Most people have only heard of mesothelioma through late night commercials for attorneys, but if you or someone close to you has been diagnosed with this rare form of cancer, then you will want to learn as much as you can, as quickly as you can. One of the most important things to know is where mesothelioma comes from: it is caused by exposure to asbestos, a carcinogenic mineral that was widely used in the 20th century. Mesothelioma has a long latency period, which means that in many cases it does not begin to manifest symptoms until many decades after the exposure to asbestos takes place.
Mesothelioma can affect many different parts of the body, but largely affects either the lining surrounding the lungs or the lining surrounding the abdominal cavity known as the peritoneum. Pleural mesothelioma is the type that affects the lungs, and it is the most common, while the type of mesothelioma that impacts the abdominal cavity is known as peritoneal mesothelioma. Mesothelioma can also appear in the lining that surrounds the heart and other body organs, but these instances are extremely rare. Though medical researchers have spent decades dedicated themselves to finding a cure for mesothelioma, it is still a fatal disease that impacts between 2,000 and 3,000 victims each year in the United States, with the survival time after diagnosis only rarely exceeding two years.
If you have been diagnosed with mesothelioma or another asbestos-related disease, you may be entitled to financial compensation from the asbestos companies responsible for your exposure. Call us today at 1-800-706-5606, or send for our free Financial Compensation Packet to learn more about mesothelioma attorneys who can provide you with the information and legal representation that you need.
Where Does Mesothelioma Come From?
Though it has been well established that mesothelioma is caused by exposure to asbestos, the particulars of how the cancer grows is still being debated by scientists. What is known is that the process takes an extremely long time, and that it starts with the mesothelioma victim either inhaling or ingesting asbestos fibers. When viewed under a microscope, asbestos has pointy ends that become embedded in the lining of the lungs or abdomen, killing the cells and starting a series of mutations that eventually grow into mesothelioma tumors. The growth of these tumors is extremely slow, and it can take decades for them to grow large enough to cause discomfort. By the time the symptoms appear, the cancer is too far advanced to be treated effectively.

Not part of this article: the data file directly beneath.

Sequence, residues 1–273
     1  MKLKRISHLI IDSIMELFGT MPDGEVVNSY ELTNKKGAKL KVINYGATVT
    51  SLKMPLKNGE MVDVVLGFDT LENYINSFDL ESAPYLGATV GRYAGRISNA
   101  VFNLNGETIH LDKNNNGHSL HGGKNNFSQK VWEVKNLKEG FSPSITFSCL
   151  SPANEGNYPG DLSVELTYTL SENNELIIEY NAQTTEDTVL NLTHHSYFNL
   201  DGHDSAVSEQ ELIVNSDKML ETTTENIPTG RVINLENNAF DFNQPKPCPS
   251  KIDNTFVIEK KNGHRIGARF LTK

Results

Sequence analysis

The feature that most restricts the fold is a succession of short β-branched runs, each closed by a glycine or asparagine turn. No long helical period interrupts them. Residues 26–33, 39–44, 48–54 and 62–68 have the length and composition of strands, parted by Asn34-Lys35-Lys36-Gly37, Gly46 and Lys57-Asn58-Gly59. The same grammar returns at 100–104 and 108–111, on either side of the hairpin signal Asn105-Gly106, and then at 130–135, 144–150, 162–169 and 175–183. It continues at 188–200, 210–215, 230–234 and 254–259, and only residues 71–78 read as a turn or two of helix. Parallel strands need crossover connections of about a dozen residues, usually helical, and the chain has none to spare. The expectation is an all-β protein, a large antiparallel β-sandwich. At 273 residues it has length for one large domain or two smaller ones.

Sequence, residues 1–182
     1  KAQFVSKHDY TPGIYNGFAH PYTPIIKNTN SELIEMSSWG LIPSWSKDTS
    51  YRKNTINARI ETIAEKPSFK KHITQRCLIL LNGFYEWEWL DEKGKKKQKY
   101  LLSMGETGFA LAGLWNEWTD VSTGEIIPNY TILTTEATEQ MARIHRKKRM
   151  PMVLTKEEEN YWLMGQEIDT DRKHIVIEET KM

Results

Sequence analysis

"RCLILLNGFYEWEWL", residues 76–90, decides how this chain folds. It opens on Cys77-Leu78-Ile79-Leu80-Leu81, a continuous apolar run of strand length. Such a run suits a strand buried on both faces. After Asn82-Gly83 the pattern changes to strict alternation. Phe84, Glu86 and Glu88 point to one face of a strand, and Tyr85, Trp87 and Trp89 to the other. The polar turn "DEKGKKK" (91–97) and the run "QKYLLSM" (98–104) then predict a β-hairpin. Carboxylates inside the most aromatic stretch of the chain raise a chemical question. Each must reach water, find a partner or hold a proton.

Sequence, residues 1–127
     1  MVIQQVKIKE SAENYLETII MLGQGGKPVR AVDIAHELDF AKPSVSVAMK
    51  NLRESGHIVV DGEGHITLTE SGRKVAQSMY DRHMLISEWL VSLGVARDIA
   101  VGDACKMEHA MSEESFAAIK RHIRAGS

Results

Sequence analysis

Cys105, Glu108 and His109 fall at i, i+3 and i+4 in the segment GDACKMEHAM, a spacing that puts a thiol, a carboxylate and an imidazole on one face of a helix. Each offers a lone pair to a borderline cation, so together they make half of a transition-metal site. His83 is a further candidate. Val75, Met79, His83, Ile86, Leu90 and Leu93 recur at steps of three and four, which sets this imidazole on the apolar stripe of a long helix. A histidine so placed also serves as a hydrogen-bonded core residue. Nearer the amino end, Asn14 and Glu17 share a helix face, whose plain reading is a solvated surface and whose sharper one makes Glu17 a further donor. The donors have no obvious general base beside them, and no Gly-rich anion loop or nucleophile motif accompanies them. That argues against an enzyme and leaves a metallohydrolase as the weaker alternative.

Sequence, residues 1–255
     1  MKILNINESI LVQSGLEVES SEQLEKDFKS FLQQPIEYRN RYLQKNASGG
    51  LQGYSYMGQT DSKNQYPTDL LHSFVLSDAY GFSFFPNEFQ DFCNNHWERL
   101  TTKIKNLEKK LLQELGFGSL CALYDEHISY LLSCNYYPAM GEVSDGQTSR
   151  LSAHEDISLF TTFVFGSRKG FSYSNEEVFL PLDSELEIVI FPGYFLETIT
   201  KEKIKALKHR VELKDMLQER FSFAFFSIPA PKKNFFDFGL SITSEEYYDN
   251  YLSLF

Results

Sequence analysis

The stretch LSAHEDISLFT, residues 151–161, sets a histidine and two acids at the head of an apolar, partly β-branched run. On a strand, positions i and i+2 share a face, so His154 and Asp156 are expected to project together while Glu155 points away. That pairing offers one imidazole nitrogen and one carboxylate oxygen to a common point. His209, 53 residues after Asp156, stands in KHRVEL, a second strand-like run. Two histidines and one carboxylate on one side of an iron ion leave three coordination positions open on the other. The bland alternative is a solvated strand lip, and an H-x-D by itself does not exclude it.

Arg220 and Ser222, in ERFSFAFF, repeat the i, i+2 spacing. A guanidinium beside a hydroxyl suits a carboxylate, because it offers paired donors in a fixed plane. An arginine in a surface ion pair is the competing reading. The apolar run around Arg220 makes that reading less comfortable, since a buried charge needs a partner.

One of the problems with detecting mesothelioma is that its symptoms are so similar to those of many other, more benign illnesses, including indigestion (in the case of peritoneal mesothelioma) or the flu, bronchitis or pneumonia (in the case of pleural mesothelioma). Pleural mesothelioma symptoms can include coughing, shortness of breath or chest pain, while peritoneal mesothelioma symptoms include bloating, lack of appetite, weight loss, abdominal pain, and nausea. In both cases patients are vulnerable to extreme fatigue, night sweats, fever and other discomforts.
Who Is at Highest Risk for Mesothelioma?